One thing I notice about myself (a flaw, I suppose) is that it’s harder to stop doing something (wrong relationship, wrong job, eating wrong foods, not exercising) as opposed to making a change and staying the course … know what I mean?  Maybe I’m not being articulate here.  How about this:  

We’re really the sum of our habits.  And we stay or continue in these “habits” because it’s easier to stay in the comfort of a habit, than to get out and do something different. Resonate?

While we can intellectualize that it’s good to break bad habits (“I need to work out more.” “I need to eat less ice cream at night.”), it’s difficult to do.  Think of all the things you’ve started but never finished.  Also a not-so-great habit.

As I’ve been working on my “habits,” I’ve realized that I’ve been going about it the wrong way.  It’s not about will power.  It’s that we get stuck because we’ve trained our brains in a certain way. Our daily habits become deeply ingrained in our brain circuitry. When we repeat small behaviors frequently enough, our brain carves out new neural pathways. These neural pathways allow behaviors to become automatic. So we need to change our brains?  Easier said than done, right? Here’s what I did:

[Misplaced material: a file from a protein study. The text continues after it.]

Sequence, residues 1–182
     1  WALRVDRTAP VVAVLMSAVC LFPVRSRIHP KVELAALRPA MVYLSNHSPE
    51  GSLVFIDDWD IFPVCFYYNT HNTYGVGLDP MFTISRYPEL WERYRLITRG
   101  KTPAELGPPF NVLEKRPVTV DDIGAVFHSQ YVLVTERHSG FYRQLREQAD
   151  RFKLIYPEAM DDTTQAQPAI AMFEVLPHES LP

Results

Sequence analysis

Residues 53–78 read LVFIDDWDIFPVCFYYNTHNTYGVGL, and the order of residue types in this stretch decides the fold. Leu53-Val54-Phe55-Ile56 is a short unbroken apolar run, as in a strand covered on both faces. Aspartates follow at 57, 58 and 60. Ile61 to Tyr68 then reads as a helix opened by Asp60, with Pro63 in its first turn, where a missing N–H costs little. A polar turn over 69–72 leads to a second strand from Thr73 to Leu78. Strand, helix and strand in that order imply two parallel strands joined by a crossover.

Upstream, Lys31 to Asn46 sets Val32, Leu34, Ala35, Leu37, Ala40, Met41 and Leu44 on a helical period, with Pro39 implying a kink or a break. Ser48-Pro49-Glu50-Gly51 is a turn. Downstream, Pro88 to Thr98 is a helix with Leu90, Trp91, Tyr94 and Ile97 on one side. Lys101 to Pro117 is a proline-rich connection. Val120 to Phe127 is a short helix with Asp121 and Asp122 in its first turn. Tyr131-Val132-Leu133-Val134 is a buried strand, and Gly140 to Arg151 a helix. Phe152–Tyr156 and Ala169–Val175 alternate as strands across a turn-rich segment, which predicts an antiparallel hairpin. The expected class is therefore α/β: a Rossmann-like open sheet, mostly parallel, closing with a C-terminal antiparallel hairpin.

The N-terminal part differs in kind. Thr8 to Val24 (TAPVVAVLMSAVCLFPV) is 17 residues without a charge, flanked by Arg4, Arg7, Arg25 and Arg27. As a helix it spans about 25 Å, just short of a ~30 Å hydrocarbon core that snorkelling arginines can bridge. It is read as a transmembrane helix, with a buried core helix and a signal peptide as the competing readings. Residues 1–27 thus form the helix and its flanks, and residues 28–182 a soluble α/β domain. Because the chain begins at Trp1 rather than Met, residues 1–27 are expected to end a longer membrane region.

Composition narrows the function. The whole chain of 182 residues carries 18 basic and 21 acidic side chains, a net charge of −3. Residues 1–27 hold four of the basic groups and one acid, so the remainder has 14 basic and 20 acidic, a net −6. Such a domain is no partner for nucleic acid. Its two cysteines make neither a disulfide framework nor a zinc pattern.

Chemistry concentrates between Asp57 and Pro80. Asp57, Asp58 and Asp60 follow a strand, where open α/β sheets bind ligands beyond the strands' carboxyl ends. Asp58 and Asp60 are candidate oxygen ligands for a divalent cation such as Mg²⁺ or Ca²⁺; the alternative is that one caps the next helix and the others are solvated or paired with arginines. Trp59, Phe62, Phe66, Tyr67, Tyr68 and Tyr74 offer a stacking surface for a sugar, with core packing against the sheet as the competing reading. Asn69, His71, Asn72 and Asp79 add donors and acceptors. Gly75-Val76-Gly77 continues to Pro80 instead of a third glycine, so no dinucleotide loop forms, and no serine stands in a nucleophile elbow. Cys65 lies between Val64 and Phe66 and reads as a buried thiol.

1. Start small. Whatever it is you want to achieve, break it down. Don’t begin to run a 5K by running three miles.  Start by putting on your shoes and getting out the door for 5 minutes.  Want to stop that candy at night?  Cut your piece into 1/2 and throw the other 1/2 away – don’t just cut it out all together.   In fact, sometimes you just have to think of the change (which I need to do) for a bit before you can even try it.
  2. Have a plan. This last year for me was changing my thought patterns.  So, every day I told myself “You’re ok.”  It was the positive affirmation I needed every time I felt scared or unsure about my direction.  Now, I just feel it and I don’t need to say it and the negative thoughts are gone. Or,  if you want to learn to meditate. Pick a time that you will do it every day – like after you brush your teeth at night. That will become your trigger – your reminder to meditate.
  3. Know that your plan will fail.  If you need to have that whole piece of candy (or 10 pieces), don’t beat yourself up. Life has a way of getting in the way of our plans.  As soon as you can, just pick up where you left off.  Continue to make small steps.  You’ll get there.
  4. Create accountability. Truth: If someone else is paying attention, we’re more likely to follow through.  Announce your plans and let us help you stay the course!

Look, I’m so far from perfect it’s not even funny.  And every year, I learn how little I know.  But maybe that’s the beauty of it all.  Here’s to another year!